An estimated 1.5 lakh people will visit the Kala Ghoda Arts Festival this year. They'll shop, eat, take in performances, attend readings, participate in workshops, go on heritage tours and discuss new ideas. Few will realise that the 400 events offered up to them were put together by a team of volunteers, curators with regular day jobs and members of the non-profit Kala Ghoda Association. The artists are also busy putting in that extra effort which makes a performance, a 'Kala Ghoda' performance.
Behind the nine-day carnival is an even bigger circus – one that features six months of planning, sleepless nights, phones that won't stop ringing and great stories. Here are some of them...
|Closing Kala Ghoda is such an honour, says Farhan Akhtar|
Next Sunday, catch Farhan Live. Today, however, the actor-director-musician Farhan Akhtar is already a bundle of nerves.
Farhan Akhtar, who famously played a rock star in 2008's Rock On!!, is living his role in real life as well. He re-launched his band, Farhan Live, last year and has played gigs in Dubai, Delhi, Bangalore and Goa. "Somehow, we never managed a gig in Mumbai," says Akhtar of his home city.
Come February 9, that will change, making Akhtar excited, jumpy and a bundle of nerves over his debut.
Next Sunday, catch Farhan Live. Today, however, Akhtar is already a bundle of nerves
The Kala Ghoda Arts Festival is…
Undoubtedly one of the coolest things Mumbai has to offer. The festival has become such a landmark event and the city is almost synonymous with the festival. Art needs to be celebrated and that is exactly what the festival does. It's a matter of great pride that we are also a part of it.
Farhan Live plays in Mumbai, finally. What kind of music can we expect?
Hey, I don't want to give that away just yet! It will most likely be one of our many set lists. Also, the mood of the audience decides a lot for us. If the people don't enjoy a certain kind of music, we won't play it. After all, we're there to entertain them. The audience should just be ready to have a great evening with us.
Considering everyone in the band has different music tastes, are there any ego hassles?
Definitely not. We are always on the same page. Look, music should evoke happiness, it should make you want to tap your feet or sway in joy. That's what we do when we jam. Laugh, have lots of fun and enjoy the process of creating music. No one is leader; we're a very tight group. There's no space for ego.
You guys are closing the festival. Are there any nerves?
Well, I didn't until you asked me this question. Now, I have cold feet. Of course, we'll be a bit nervous backstage but I know we'll pull off a good show eventually.
- Amrah Ashraf
(Farhan Live performs on February 9 at 7.45pm at the Asiatic Library Steps)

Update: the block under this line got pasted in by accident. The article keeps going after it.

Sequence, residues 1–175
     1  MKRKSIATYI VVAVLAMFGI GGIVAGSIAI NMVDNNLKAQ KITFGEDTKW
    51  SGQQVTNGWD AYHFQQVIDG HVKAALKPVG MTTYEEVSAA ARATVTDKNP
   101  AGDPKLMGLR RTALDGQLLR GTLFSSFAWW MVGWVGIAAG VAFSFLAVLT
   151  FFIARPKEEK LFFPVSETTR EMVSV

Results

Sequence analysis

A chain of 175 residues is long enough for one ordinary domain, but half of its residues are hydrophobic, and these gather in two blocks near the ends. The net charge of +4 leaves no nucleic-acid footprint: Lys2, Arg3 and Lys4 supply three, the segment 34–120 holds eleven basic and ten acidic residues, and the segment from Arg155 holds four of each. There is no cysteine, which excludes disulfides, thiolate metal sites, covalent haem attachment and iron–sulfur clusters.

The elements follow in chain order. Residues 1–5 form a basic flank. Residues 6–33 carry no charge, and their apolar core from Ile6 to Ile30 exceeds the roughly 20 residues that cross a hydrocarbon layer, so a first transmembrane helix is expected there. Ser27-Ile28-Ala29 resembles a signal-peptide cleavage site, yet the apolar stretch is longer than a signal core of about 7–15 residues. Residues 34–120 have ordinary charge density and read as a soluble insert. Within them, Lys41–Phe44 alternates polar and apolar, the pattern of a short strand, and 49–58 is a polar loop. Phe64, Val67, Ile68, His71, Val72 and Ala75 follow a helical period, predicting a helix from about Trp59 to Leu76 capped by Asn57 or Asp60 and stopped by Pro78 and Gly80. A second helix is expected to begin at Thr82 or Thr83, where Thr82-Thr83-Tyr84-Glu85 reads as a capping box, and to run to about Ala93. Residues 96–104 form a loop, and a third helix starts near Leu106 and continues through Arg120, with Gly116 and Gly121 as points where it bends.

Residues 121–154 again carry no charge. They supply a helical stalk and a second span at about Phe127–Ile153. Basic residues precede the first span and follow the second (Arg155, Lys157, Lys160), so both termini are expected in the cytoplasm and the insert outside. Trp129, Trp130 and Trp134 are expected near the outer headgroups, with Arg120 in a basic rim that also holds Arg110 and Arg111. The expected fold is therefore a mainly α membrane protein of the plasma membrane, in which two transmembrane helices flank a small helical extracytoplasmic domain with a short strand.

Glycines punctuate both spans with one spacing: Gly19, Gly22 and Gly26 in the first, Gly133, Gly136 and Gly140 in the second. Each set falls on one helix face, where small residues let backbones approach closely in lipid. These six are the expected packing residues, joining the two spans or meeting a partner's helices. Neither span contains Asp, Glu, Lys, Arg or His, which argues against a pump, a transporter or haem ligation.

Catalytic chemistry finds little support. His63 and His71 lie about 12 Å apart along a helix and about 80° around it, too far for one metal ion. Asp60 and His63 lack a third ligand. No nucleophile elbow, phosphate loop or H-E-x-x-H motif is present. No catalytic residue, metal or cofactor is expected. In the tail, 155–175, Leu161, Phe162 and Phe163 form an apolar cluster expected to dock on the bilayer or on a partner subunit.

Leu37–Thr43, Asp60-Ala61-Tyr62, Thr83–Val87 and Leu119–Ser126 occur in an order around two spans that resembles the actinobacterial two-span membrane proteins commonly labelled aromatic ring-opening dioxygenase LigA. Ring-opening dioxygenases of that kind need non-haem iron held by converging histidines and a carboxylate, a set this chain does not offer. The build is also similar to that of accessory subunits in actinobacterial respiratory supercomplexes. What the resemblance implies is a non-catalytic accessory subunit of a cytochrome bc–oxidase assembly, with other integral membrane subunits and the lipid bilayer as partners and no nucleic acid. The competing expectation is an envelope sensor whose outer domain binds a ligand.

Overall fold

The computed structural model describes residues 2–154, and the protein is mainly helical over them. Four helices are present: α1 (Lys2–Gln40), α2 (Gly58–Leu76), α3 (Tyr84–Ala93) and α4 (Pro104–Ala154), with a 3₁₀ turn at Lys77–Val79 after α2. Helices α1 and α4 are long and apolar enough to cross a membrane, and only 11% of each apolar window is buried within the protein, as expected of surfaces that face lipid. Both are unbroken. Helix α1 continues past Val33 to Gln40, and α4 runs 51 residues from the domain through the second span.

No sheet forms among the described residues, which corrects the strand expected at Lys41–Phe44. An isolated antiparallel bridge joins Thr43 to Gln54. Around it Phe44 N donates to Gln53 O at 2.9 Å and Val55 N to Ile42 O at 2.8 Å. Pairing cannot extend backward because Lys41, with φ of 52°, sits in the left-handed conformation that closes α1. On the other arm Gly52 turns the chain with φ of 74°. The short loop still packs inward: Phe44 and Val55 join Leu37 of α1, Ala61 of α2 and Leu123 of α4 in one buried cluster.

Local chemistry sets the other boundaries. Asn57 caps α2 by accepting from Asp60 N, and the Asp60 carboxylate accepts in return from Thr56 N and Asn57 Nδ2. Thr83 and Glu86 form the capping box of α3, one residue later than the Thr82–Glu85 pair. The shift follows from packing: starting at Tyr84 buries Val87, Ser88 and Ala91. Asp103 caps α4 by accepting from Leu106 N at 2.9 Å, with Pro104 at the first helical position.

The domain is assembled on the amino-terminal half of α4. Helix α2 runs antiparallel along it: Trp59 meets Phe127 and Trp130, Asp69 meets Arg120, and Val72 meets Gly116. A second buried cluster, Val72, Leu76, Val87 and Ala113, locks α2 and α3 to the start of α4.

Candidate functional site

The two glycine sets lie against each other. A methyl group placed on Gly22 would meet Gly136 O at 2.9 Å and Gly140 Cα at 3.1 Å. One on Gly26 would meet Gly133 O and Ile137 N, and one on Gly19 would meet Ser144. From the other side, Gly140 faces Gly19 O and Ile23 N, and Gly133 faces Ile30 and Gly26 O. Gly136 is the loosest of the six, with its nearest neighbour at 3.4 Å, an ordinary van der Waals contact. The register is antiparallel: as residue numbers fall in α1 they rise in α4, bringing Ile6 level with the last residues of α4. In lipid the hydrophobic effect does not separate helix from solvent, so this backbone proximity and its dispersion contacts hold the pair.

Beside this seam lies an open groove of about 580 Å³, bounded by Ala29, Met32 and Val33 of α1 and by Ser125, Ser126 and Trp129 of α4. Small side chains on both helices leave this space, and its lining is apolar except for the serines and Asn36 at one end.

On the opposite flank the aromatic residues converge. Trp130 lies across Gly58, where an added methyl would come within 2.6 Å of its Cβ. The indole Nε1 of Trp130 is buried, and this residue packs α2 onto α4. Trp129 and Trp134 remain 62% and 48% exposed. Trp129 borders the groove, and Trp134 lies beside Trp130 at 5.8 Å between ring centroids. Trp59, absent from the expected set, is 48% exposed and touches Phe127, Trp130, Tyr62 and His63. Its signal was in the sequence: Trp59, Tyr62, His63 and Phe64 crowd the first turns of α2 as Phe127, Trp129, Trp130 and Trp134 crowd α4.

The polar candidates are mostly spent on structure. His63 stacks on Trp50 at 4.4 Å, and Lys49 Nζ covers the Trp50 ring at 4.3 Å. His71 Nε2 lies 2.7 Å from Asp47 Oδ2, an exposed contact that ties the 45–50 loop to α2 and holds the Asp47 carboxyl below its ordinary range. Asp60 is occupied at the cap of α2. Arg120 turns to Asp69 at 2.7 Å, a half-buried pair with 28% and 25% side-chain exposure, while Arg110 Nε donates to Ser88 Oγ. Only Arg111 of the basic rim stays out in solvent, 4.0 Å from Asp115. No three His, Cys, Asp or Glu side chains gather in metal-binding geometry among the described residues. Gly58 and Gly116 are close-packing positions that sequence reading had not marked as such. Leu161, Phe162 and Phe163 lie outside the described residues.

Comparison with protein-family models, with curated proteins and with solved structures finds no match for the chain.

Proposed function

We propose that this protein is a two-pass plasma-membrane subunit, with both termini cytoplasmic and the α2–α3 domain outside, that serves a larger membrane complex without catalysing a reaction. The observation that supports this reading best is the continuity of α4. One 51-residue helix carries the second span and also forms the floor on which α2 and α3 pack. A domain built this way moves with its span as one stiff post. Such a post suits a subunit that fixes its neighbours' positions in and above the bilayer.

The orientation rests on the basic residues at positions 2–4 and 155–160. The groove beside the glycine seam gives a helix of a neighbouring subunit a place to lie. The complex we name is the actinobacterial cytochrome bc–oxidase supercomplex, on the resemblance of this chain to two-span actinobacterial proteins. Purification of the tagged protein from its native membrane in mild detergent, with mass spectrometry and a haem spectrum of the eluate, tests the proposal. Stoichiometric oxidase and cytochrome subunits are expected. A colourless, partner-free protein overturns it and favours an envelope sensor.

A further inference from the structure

|Theatre: women get a voice|
Curtain call: Juhi Babbar explains a scene to Kajri Babbar as the two rehearse for Ji, Jaisi Aapki Marzi
Ekjute is gearing up to stage a decade- old classic play, Ji, Jaisi Aapki Marzi. The play, says director Nadira Zaheer Babbar, is far more relevant today.
In a tiny room with gym equipment stashed on one side, 12-year-old Deeksha Aggarwal and is sitting quietly, chewing on her nail. Crouched next to her is Kajri Babbar, 18, feverishly memorising her lines. These members of theatre group Ekjute are rehearsing Ji, Jaisi Aapki Marzi, four monologues about the status of women today. The play also stars Sangeeta Mody and Juhi Babbar, KGAF's theatre curator. Juhi, and the play's director and co-curator Nadira Zaheer Babbar finish rehearsals to discuss what makes the play so special.
What makes your nine-year old play still relevant today?
Nadira: Sadly, this play has become far more relevant now. The atrocities on women have increased manifold.
Juhi: When Nadiraji wrote this play in 2004, she was panned for being too harsh on men. Now look at it, everything she's written is someone's real story.
How has KGAF helped theatre in the city?
Nadira: KGAF is the pride of my city. It presents the best of art and it has put us on the global map.
Juhi: We have made sure we pay each theatre group this year, even if it's just R2,000. Theatre is a means of livelihood for some people. Even a small boost counts.
Watch Ji, Jaisi Aapki Marzi on February 8 at 8pm, NGMA
- Amrah Ashraf
|Visual art: solve the Mumbai puzzle|
Young artists: Bottom (L-R): Mansi Mehta, Mithuna Murugesh; Top row (L-R): Khyati Sheth, Hana Mehta, Aangi Shah, Nikita Khatwani
For most of January, Mithuna Murugesh, Mansi Mehta and Khyati Sheth, students of NMIMS's Balwant Sheth School of Architecture, would reach home covered with a fine layer of sawdust or discovering "a new bruise" every other day. It's all worth it, they say, standing in a classroom containing pieces that will make up the installation Iridescence – their submission to the festival this year.
From HT Brunch, February 2
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